hungary poster Government poster urging a 'No' vote. Photo: Bob Oxley

In spite of its desperate campaign, the Hungarian government failed to mobilise enough voters to support its anti-refugee policy, writes Bob Oxley

Victor Orban and his Fidesz Government have suffered a humiliating rebuff in the referendum on migrants in Hungary today. The turnout was much less than 50%, the threshold required for the referendum to be valid. Of the roughly 43% who voted, most voted No as the government urged, but a sizeable minority spoiled their ballots.

The referendum was called in response to the EU migrant resettlement plan which proposed that Hungary should take just over a thousand refugees. The Orban government went into overdrive spending vast sums of public money to demonise migrants as terrorists and to secure a No vote to a carefully selected question.

The Hungarian people were asked to say no to the imposition by Brussels of migrants into Hungary without the consent of the National Assembly in which the Orban coalition has a two-thirds majority. The government therefore exploited both fear of migrants and resistance to Brussels diktat to secure the result they wanted.

Over $40 million of public money was spent festooning Hungary in posters in the colours of the Hungarian national flag saying “Don’t Risk It, Vote No”. A booklet was sent to every household warning of the dangers of immigration to employment and terrorism. Local mayors wrote to their constituents warning of the dire consequences of immigration for their local area.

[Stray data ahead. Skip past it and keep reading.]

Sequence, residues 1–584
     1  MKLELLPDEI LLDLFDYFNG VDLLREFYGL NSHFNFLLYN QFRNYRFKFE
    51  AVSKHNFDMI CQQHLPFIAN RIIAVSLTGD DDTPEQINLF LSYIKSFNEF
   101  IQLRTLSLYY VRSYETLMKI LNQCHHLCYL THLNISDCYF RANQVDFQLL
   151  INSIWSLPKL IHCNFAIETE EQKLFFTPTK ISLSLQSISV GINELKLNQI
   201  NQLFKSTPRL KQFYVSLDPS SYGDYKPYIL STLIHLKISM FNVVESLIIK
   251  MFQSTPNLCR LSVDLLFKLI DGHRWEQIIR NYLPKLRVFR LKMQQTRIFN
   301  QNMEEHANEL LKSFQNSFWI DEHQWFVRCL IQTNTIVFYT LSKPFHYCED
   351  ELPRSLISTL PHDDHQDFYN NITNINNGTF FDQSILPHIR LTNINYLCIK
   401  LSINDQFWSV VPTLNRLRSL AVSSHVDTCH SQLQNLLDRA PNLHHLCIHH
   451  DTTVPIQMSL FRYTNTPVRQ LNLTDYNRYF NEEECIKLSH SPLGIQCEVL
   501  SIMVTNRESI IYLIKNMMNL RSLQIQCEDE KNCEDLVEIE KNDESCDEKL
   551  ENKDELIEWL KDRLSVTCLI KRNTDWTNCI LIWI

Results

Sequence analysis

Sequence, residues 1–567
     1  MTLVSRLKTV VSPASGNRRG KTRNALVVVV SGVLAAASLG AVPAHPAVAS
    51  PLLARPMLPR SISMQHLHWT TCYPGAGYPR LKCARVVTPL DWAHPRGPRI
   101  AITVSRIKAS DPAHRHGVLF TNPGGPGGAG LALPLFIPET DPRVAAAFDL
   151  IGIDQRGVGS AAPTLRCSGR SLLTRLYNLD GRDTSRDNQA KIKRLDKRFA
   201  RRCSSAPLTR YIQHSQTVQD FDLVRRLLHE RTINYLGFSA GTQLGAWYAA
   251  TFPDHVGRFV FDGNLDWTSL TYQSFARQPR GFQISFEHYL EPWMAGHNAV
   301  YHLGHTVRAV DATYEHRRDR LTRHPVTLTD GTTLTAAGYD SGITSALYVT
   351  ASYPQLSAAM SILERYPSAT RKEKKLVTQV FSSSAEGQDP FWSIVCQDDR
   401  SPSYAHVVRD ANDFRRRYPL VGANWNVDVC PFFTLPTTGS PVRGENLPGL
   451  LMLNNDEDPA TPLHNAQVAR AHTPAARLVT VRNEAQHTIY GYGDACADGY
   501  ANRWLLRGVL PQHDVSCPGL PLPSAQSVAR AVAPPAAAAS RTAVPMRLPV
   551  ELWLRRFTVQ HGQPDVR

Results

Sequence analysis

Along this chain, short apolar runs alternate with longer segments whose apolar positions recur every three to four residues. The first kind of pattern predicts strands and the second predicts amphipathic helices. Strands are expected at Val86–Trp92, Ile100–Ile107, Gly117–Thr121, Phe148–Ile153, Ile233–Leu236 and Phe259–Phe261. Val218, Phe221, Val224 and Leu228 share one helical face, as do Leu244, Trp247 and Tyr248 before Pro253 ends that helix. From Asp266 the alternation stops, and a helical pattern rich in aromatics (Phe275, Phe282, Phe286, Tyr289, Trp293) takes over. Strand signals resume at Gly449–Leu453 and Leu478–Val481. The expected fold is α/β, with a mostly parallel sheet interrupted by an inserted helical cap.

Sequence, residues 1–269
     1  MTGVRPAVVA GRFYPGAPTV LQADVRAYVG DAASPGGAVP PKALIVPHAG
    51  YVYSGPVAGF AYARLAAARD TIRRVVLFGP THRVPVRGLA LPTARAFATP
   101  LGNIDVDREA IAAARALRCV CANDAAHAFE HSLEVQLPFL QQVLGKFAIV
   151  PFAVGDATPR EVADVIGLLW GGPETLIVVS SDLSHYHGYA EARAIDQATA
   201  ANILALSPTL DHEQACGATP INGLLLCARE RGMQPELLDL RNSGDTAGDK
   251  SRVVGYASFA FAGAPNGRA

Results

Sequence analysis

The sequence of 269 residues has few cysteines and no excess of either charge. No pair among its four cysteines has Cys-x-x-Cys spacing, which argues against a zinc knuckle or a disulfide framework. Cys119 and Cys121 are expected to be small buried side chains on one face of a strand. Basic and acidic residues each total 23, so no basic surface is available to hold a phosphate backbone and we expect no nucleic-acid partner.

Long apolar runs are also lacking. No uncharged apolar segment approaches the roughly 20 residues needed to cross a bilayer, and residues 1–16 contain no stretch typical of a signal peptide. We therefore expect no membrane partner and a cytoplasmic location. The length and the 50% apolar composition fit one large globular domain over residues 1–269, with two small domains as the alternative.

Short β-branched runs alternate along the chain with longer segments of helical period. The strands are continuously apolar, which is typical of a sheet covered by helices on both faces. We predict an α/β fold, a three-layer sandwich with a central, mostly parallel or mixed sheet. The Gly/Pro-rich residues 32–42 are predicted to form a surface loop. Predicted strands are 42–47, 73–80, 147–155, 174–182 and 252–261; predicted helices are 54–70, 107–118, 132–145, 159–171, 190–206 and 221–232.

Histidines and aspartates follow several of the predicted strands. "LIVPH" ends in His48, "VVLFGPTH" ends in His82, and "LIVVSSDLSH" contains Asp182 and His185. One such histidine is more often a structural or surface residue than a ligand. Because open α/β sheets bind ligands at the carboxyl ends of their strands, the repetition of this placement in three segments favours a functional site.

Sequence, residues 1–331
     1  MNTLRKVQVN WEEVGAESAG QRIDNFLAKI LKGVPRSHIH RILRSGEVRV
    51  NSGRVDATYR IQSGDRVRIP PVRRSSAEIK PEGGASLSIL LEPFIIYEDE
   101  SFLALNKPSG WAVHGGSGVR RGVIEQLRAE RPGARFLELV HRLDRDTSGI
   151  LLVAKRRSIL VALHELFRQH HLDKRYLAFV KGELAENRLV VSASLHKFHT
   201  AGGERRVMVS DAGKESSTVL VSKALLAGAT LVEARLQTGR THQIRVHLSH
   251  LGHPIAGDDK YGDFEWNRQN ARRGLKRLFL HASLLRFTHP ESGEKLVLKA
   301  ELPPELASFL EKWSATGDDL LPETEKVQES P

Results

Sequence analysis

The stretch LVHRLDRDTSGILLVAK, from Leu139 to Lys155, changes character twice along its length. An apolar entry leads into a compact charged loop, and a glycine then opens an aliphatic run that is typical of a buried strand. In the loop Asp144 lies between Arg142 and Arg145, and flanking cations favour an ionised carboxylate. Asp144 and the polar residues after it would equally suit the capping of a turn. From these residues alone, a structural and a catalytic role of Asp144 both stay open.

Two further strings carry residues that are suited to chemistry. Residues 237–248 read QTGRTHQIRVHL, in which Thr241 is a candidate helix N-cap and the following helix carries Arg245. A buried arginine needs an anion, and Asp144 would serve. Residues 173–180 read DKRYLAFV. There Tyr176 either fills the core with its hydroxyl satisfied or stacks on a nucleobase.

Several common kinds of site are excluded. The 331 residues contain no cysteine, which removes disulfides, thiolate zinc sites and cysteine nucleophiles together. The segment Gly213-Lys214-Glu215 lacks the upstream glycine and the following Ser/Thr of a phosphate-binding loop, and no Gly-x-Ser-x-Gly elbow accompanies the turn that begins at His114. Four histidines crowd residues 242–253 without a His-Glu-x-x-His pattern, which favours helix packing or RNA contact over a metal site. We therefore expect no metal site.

A year ago polls suggested a majority of Hungarians sympathised with the plight of refugees but relentless propaganda and fear-mongering from the government has seen that figure slump. However, despite this massive and unprecedented attempt to manipulate Hungarian voters, the state of the healthcare system, corruption and unemployment continue to dominate their concerns.

The only party urging a Yes vote in the referendum was the small Liberal Party, widely suspected as having received government money to do so in the hope of boosting turnout. The left urged a boycott or voters to spoil their ballots.

Realising that he may fail to get to the 50% threshold, Orban pledged to carry on regardless. His strength is above all that there is no credible left opposition at the moment who can challenge the Fidesz party’s hegemony, a hegemony reinforced by constitutional changes which the government has been able to carry because it has a more than two thirds majority in parliament.

There was a very worthy rally of opposition parties in Kossuth Square on Friday evening, but it was the joke Two-Tailed Dog Party which raised a lot of crowdfunded money and produced posters making fun of the government’s posters.

However, Orban’s major challengers remain from the ultra-right wing Jobbik Party, who polled over 16% in the National Assembly elections in 2014 when the turnout was just over 60%.

Orban must be very concerned that, despite throwing absolutely everything into securing a big turnout in the referendum, he failed to mobilise more than 40% of the voters in his favour. Despite this, he has declared victory. It remains to be seen how pyrrhic the “victory” is.

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